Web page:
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Alcohol Dementia: Definition and Stages

The long-term effects of an alcohol use disorder on the body include many chronic illnesses, organ damage, and neurological changes, such as alcohol dementia. Moreover, while there is a well-known connection between excessive alcohol consumption and gradual organ damage, less is known about the gradual deterioration of the brain.

Alcohol-related dementia, alcohol dementia, or alcohol-induced cognitive impairment are all forms of secondary dementia. Specifically, secondary dementia implicates another underlying condition or genetics that are responsible for cognitive decline and memory loss. Raising awareness of these adverse conditions is vital to supporting the treatment of alcohol use disorders. 

Overview of Alcohol Dementia

Understanding the stages of alcohol dementia may shed light on signs and symptoms people are experiencing if they are actively involved in an alcohol use disorder. Signs and symptoms of alcohol addiction include declines in cognitive function, memory impairment, and challenges in decision-making and problem-solving.

Of course, these symptoms are the result of excessive alcohol use, but the underlying destruction taking place in the brain is not understood. Structural and functional changes can occur in the brain, resulting in alcohol-related brain damage. Although there are similarities, alcohol-related brain damage and alcoholic encephalopathy are separate neurological disorders resulting from excessive alcohol abuse. 

How Does It Occur?

Chronic alcohol abuse is the main contributing factor in developing detrimental effects on the brain. Researchers continue to collect data to pinpoint the damage alcohol abuse causes to brain functions and the development of alcoholic dementia.

There is strong evidence that excessive alcohol abuse interferes with brain chemistry and negatively affects cells in the brain. Treatment for an alcohol use disorder begins with an evaluation or assessment by a healthcare professional; reporting any factors that may point to adverse brain conditions is essential in forming a diagnosis. 

Significant factors or signs contributing to the development of alcoholic dementia include:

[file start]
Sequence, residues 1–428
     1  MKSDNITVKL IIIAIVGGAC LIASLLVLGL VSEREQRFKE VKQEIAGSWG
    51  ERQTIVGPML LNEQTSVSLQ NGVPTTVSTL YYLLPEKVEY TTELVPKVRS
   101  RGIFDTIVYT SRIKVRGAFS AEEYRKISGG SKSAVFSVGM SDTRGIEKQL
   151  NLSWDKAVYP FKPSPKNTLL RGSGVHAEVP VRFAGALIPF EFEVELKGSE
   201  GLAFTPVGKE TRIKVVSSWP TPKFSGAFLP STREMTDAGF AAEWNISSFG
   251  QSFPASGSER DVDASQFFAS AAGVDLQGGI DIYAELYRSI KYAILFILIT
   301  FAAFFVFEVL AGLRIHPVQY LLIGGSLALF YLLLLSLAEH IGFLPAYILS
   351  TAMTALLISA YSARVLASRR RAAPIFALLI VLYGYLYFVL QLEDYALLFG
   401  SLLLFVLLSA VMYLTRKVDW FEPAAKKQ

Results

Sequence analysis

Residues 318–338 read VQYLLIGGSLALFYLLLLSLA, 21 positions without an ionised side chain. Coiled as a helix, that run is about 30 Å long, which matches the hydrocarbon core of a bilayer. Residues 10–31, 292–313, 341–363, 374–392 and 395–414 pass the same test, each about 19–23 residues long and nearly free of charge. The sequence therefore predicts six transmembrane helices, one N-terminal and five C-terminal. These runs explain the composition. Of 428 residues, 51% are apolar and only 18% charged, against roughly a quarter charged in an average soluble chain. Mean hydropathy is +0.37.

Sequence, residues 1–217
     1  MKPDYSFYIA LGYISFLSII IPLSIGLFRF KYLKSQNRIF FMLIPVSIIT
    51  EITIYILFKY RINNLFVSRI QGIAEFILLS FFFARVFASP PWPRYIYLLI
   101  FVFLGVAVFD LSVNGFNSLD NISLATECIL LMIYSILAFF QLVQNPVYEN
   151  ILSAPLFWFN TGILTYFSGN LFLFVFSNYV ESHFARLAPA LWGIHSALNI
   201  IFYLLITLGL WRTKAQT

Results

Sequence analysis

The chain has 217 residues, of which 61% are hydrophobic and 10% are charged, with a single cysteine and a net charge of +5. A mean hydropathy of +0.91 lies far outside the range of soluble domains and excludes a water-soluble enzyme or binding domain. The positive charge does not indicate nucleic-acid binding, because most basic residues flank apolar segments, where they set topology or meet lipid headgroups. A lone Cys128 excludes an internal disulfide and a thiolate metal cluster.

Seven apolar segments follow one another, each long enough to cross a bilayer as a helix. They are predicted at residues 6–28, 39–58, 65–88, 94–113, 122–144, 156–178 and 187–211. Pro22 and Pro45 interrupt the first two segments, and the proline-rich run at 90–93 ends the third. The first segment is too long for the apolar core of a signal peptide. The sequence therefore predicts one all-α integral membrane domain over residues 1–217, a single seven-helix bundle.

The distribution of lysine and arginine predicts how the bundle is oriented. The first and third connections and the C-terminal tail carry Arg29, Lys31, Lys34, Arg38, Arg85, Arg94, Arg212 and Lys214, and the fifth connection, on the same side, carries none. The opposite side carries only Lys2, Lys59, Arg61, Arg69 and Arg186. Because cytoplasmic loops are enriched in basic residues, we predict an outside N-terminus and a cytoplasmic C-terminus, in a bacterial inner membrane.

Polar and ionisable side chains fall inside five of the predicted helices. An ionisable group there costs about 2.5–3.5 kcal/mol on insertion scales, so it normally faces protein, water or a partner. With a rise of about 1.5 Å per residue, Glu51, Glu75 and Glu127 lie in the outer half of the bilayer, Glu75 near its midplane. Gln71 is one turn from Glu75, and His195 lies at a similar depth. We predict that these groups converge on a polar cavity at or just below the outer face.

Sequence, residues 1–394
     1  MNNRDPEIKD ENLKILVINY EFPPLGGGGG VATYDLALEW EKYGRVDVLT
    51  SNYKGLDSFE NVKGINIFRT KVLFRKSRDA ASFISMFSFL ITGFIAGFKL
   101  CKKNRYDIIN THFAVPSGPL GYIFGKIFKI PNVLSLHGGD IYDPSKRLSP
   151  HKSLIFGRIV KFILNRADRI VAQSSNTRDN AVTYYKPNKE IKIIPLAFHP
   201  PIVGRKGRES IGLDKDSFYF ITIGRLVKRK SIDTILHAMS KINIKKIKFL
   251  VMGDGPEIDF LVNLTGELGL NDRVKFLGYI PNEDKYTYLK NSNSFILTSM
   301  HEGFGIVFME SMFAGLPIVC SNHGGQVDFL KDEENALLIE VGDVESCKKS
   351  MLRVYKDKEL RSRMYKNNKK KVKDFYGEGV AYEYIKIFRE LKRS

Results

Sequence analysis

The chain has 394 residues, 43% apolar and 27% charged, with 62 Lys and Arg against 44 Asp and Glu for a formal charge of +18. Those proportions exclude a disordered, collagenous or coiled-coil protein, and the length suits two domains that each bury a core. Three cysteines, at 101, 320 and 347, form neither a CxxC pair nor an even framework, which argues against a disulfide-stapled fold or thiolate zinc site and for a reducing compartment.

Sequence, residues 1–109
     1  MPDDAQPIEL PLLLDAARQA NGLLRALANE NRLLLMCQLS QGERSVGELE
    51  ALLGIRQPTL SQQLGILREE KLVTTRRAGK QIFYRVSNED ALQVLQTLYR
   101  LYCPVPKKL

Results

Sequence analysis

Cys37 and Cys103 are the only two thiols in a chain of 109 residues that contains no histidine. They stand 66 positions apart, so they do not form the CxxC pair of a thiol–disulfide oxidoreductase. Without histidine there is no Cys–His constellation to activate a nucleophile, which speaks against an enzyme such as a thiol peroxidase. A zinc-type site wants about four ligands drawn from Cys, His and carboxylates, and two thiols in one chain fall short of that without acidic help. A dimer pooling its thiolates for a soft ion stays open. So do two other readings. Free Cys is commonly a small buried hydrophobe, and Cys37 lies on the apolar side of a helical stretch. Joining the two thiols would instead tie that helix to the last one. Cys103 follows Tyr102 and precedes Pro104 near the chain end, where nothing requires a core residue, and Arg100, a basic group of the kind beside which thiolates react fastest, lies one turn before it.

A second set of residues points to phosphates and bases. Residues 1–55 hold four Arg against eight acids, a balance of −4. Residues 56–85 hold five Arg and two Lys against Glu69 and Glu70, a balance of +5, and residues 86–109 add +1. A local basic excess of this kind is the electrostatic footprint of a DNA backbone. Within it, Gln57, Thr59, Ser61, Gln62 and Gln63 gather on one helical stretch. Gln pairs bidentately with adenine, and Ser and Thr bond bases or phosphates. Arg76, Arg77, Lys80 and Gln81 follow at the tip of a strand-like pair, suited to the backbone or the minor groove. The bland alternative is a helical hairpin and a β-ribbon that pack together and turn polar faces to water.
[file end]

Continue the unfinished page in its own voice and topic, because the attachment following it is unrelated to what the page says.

• Quantity and duration of alcohol consumption 
  • Genetic disposition
  • Age (older individuals are at a higher risk)
  • Malnutrition, these deficiencies can lead to cognitive impairment
  • Co-existing health conditions such as liver disease and thiamine deficiency

Progression of Alcoholic Dementia

This form of dementia is a progressive disease that presents with three main stages. The condition varies in progression with each individual. Early detection, intervention, and support can aid in managing symptoms and slowing the progression to improve the quality of life. Treatment for alcohol use disorder can help identify if this condition is present when the initial assessment occurs. 

The stages include:

  • Stage 1: Mild Cognitive Impairment
  • Stage 2: Moderate Cognitive Decline
  • Stage 3: Severe Cognitive Decline

Stage 1: Little to Mild Alcoholic Dementia

In the early or initial stage, individuals may experience mild memory lapses and difficulties with concentration. These issues may not be immediately noticeable, but they start causing slight disruptions in daily life.

The first identifier could be forgetfulness, which makes it challenging to find the correct words to use. Problem-solving abilities slowly decline because the brain’s ability to process information is affected. 

Stage 2: Symptoms of Alcoholic Dementia

Memory problems become more pronounced as the disease progresses, and individuals struggle with complex tasks and problem-solving. Personality changes and behavioral issues may also become evident. Symptoms in this stage are much more noticeable.